# How to Use the Distance Formula on a Coordinate Plane

By Kathleen Knowles, 03 Apr 2021

Let's say you want to measure the length of any distance or line sitting on horizontal or vertical axes on a coordinate plane. You can count the coordinates. The tricky part is using the same formula for a diagonal line—that's where the distance formula comes in.

Based on the Pythagorean Theorem, the distance formula sets your line as a section of the hypotenuse of a right-angled triangle. The theorem suggests that `a² + b² = c²`

when a and b are adjacent to the right angle of the triangle and c is the hypotenuse’s length.

## Calculating Length Using the Pythagorean Theorem and Distance Formula on a Coordinate Plane

Using the distance formula, you can determine the length of a line between any given two coordinates. This distance (d) can be expressed in the following way:

`d=√ ((x₁-x₂)² + (y₁-y₂)²)`

X and y are coordinates of a line on a Cartesian plane, and this line can be considered as the hypotenuse of a right-angled triangle. The Pythagorean Theorem is used to find the length of this hypotenuse using the distance formula. The coordinates x₂ and x₁ are one side of this triangle.

The third side is composed of y₂ and y₁, so the line from x₂, x₁ to y₂, y₁ will be the hypotenuse or distance between these two given points. It shouldn’t matter which coordinate points are called as long as they can be denoted as x, y coordinates. This is because the distance is always a positive number. For instance, finding the distance or length between coordinates 4, -2 and -10, 3 using the distance formula will involve;

Plugging in (x₁, y₁) as (4, -2) and (x₂, y₂) for (-10, 3) to simplify the equation as `d= √ (−10−4)² + (3+2)²`

`= √ (−14)² + (5²)`

`= √ 196+25`

`= √ 221`

`= 14.87 units`

## Applying the Distance Formula to Calculate For Line Length on a Coordinate Plane

After all these points are numbered, finding coordinates on a Cartesian plane is easy. And all you'll have to do is count them. Count along the x and y-axis to find these coordinates, the y axis being the vertical while the x is the horizontal plane. Coordinates are written as both numbers for each axis, ie: (4, 2), where four represents the x while 2 is the point where it crosses the y axis.

Taking a line segment as your distance between two points, assume that one endpoint is at (2, 1) while the other is at (6, 4). Now take the distance formula and plug in the coordinates, taking care to make the correct substitutions for both axes on the Cartesian plane. Derived from your (2, 1) and (6, 4) coordinates, your distance calculations should resemble these expressions:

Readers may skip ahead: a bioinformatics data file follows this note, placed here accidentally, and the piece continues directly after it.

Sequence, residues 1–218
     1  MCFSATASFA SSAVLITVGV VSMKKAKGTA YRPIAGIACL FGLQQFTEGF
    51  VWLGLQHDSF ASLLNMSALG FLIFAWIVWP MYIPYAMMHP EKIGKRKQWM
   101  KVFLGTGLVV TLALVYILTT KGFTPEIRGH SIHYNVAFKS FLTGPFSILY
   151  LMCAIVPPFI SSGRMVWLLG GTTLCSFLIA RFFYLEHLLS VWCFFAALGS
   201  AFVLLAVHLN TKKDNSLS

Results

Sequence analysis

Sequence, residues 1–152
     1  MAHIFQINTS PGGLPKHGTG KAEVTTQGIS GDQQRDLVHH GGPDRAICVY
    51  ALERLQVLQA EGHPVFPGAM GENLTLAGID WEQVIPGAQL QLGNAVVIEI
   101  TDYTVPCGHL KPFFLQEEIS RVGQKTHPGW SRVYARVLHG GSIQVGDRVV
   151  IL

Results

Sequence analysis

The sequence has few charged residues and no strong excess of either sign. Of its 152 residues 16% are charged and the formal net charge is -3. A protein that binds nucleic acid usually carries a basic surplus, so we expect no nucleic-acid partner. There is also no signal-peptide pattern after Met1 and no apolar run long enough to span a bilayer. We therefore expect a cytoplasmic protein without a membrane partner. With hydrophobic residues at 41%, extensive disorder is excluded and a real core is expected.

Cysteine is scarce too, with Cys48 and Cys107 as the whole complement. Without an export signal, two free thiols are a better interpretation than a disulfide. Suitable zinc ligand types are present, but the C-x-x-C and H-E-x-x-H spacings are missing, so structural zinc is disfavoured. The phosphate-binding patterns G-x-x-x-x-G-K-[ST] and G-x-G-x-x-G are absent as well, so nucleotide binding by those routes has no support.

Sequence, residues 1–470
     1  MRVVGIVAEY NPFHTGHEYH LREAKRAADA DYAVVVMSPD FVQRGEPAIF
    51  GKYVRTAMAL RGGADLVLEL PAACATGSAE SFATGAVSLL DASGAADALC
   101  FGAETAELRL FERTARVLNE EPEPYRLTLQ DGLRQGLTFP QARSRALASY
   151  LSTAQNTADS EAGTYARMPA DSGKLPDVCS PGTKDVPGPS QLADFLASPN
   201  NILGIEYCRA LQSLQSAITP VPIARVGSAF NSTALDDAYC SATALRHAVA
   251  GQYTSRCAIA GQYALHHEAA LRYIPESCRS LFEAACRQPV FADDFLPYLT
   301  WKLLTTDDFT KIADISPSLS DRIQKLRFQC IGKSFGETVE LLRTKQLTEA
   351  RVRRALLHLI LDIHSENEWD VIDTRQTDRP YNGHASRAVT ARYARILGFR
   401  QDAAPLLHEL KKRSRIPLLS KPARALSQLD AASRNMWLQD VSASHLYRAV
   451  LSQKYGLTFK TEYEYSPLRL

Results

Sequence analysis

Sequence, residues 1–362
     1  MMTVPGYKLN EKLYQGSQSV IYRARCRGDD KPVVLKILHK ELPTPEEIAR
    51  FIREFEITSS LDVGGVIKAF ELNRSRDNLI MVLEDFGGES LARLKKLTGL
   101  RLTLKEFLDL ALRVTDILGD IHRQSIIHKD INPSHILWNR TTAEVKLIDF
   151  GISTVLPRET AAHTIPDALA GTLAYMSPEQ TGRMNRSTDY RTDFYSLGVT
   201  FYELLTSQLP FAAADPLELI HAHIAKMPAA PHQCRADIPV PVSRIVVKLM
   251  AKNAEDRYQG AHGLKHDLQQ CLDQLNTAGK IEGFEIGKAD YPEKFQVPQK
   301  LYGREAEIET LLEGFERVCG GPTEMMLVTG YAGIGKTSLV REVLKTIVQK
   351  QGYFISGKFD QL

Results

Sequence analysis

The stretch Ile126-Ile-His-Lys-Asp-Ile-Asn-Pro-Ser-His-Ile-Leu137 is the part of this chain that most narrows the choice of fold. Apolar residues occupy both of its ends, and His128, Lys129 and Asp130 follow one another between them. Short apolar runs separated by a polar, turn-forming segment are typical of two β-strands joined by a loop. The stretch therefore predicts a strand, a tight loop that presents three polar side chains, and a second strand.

`d = √ (6 -2)² + (4 - 1)²`

`√ (4)² + (3)²`

When calculating these subtractions, ensure you use the order of operations, meaning whatever is in the parentheses or exponents should be addressed first.

`√ 16 + 9`

`√25`

`Distance = 5 units`

The answer is rounded off since you are looking to find a square root, and as you're working on a coordinate plane it'll be in units as opposed to inches, meters, miles, or other conventional units.

## Finding the Coordinates of a Point When Given Its Distance from another Cartesian Plane Point

The distance formula can be used to also find any of the two coordinates on a Cartesian plane when you are given one coordinate and the length between them. You can assume that the second coordinate point is made up of integers, when you're given one of the points as 1, -6, and the distance between them is 4 units.

Using the distance formula when the length is `(d = 4)`

, and one of the coordinates is (x₁, y₁) is (1, -6), solving for the other point, (x₂, y₂) is made easy. Let's say you're given the following info:

`d= √ ((x₁-x₂)² + (y₁-y₂)²)`

`4= √ (1−x₂)² + (−6−y₂)²`

`16 = (1−x₂)² + (−6−y₂)²`

This point requires that you figure out what square numbers will provide the root for 16, and you'll find that the only numbers that qualify are 16 and 0.

`16 = ((1−x₂)² / 4²) + ((-6−y₂)² / 0²)`

Side A

`1 - x₂ = ± 4`

`-x₂ = -5 or 3`

`-x₂ = -5 or 3`

Side B

`-6 - y₂ = 0`

`-y₂ = 6`

`-y₂ = - 6`

Or

`16 = ((1−x₂)² / 0²) + ((-6−y₂)² / 4²)`

Side A

`1 - x₂ = 0`

`-x₂ = -1`

`-x₂ = 1`

Side B

`-6 - y₂ = ± 4`

`-y₂ = 10 or 2`

`y₂ = - 10 or - 2`

So the second coordinate point can be any of four possibilities, including (-3, -6), (5, -6), (1, -2), or (1, -10).

## Example of Distance Formula on a Coordinate Plane

Find the distance between a given place in China and another in India when the longitudinal and latitudinal coordinates are 35.8617, 104.1954, and 20.5937, 78.9629 degrees, respectively. Immediately plug in the distance formula LaTeX: syntax error (Unable to compile LaTeX formula,

{d}=√{\left({\left({x}₁-{x}₂\right)}²+{\left({y}₁-{y}₂\right)}²\right)}

Check syntax.), and insert the coordinates accordingly:

`d = √ ((104.1954 - 78.9629)² + (35.8617 - 20.5937)²)`

`d = 29.49222`

This geometric formula simplifies the task of getting the length or measuring the distance between two points on a coordinate path.

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